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Author Topic: 1985 Dodge D100 carburetor  (Read 1841 times)

Offline marine6212

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1985 Dodge D100 carburetor
« on: December 04, 2010, 06:26:31 PM »
I have a friend that I am trying to help with his truck! It has the 225CID Slant 6. He had some one put on a new Carb for him and now he say's that the truck has no power. He was pulling a trailer and the max speed was 40 MPH in 3rd gear. I'm not used to a single barrel carb. How do you adjust one of these? I can adjust the fuel air on a 2 and 4 barrel! But I did not see any adjustments on this carb except for Idle and choke. Please help me.

Marine6212
« Last Edit: December 04, 2010, 06:58:25 PM by marine6212 »

Offline billr

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Re: 1985 Dodge D100 carburetor
« Reply #1 on: December 04, 2010, 07:41:42 PM »
Does it mis-fire or anything when it is failing to deliver power?  I mean, are you sure the throttle is opening fully?  Anything other than the butterfly restricting correctly-metered mixture should cause detectable engine roughness or mis-fire.  With any carb like that I would suspect the float level; but since it is "new" I would suspect the whole thing, since it should have worked OK.  Things like metering jets, air-bleed jets, power valve, float level, gaskets, etc.  Carbs are often "rebuilt" crappily; probably more of a problem now that they have become antique and good parts and skilled people less easy to find.


Offline marine6212

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Re: 1985 Dodge D100 carburetor
« Reply #2 on: December 04, 2010, 08:19:41 PM »
About 2 weeks ago he was complaing about it idleing high I backed the choke off it was almost closed! I don't see any fuel air mixture screw on the base of the carb. He complained about it won't start when its cold and you have to go out and push the choke closed! I think the automatic choke is messed up. It should close when its cold and as it warms up it should open up! I don't understand the loss of power with just a carb change. (old carb seals dry rotted and worn out leaking fuel through any opening it could find) This kid paid over $200 for this carb and I just want to help him out.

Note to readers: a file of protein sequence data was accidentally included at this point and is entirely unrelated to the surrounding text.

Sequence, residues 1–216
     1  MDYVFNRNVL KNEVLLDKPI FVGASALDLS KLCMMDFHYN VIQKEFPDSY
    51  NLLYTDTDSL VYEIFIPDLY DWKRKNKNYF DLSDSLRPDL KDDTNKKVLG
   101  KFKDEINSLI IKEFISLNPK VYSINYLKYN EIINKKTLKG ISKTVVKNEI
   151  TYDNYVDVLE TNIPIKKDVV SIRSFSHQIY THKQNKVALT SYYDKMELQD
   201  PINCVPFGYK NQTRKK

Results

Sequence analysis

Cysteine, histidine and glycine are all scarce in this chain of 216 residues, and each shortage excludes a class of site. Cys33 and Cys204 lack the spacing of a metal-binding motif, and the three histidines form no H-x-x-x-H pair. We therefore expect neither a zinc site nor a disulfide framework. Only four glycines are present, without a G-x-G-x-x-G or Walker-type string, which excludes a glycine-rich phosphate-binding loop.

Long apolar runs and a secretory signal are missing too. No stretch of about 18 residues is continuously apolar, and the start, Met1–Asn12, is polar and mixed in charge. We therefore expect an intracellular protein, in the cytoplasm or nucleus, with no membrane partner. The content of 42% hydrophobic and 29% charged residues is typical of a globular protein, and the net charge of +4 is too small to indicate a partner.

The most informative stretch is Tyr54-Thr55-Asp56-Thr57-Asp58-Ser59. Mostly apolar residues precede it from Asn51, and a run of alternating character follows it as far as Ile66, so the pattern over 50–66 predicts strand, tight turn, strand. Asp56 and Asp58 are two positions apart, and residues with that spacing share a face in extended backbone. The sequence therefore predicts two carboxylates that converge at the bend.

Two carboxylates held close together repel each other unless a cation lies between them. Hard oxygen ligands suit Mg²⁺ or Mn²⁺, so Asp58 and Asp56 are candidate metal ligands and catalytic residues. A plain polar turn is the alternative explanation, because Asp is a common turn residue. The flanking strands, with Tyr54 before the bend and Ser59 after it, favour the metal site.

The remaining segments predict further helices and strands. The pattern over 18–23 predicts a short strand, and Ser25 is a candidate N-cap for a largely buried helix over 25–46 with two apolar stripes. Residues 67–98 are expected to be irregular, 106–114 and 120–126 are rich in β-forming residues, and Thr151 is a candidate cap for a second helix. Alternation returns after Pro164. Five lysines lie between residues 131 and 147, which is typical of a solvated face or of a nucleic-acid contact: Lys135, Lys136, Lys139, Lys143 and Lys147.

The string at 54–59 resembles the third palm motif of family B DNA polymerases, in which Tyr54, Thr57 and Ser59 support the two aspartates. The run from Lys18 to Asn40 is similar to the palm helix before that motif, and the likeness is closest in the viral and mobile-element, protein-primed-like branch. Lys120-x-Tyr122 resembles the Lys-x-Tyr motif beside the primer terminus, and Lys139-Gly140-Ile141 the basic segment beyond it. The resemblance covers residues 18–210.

Marine6212

Offline billr

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Re: 1985 Dodge D100 carburetor
« Reply #3 on: December 04, 2010, 11:09:39 PM »
OK, it's a hard-luck story about a poor kid; I get it.  Now, how does it run off-idle?  Besides checking throttle opening, you might put a vacuum gage on there with a long hose, so you can check vacuum at full-throttle under load.  It should be nearly zero.  I assume nothing was done with ignition timing during this time, right?  I won't even ask where the vacuum line is connected to on the carb (manifold vacuum or spark-port) since it wouldn't affect full-throttle operation at all.  I didn't mean to sound so snotty in the first sentence, but I still am very suspicious of that new carb, no matter how much he paid.  Did I understand correctly that you got involved after the new carb was installed and all those choke and idle issues popped up?

Offline Mobile Dan

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Re: 1985 Dodge D100 carburetor
« Reply #4 on: December 04, 2010, 11:26:41 PM »
The engine will not have full power if the choke is not fully open when the engine is warmed up. Fix the choke before trying any other type of adjustment.

Offline billr

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Re: 1985 Dodge D100 carburetor
« Reply #5 on: December 05, 2010, 08:02:21 AM »
I woke up this morning unsatisfied about how this thread has started out.  Maybe it's already time to re-group?  What was the original problem symptom; why was the carb changed?  Was it poor power, hard starting, poor idle (and hot or old?), misfiring, external fuel leaks, poor gas mileage, etc?  Any other work done just before or during the current problems?  In other words, tell us a bit more of the story.  I am especially interested to find out if this truck is known to have ever had the desired power; my perception from the original post is that it did, before the carb change, is that correct?

Offline nickb2

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Re: 1985 Dodge D100 carburetor
« Reply #6 on: December 05, 2010, 12:26:11 PM »
Double barrel is a good upgrade, easy to install and more out there. Could have had a fully working 318 engine in there for 200$ more. Anyways, as every one else said here, fix that choke. Hey, put in a manual if need be, they sell at canadian tire for cheap and you will never have vacuum, thermostatic, heat riser, etc choke problems again. But getting back to it, if that choke is ok, you have to know if that float is level, power pump is working, linkages not binding and not bent, a good sign is at rest the rods should all be loose and not forcing one another. Is the base gasket sound and not pulling air. Ain't gonna get no power if choke plate is closed after start up and warm up. Is the throttle shaft binding? Usually a carburator is pretty simple and doesn't lack power unless something else is affecting it, it may be hard to start, may stumble on acceleration due to a bad power pump, other issues causing poor power are fuel pump not delivering at high rpm. worn cam lobe or bad diagphram(sh%t can't spell that word).  Bad EGR vavle?
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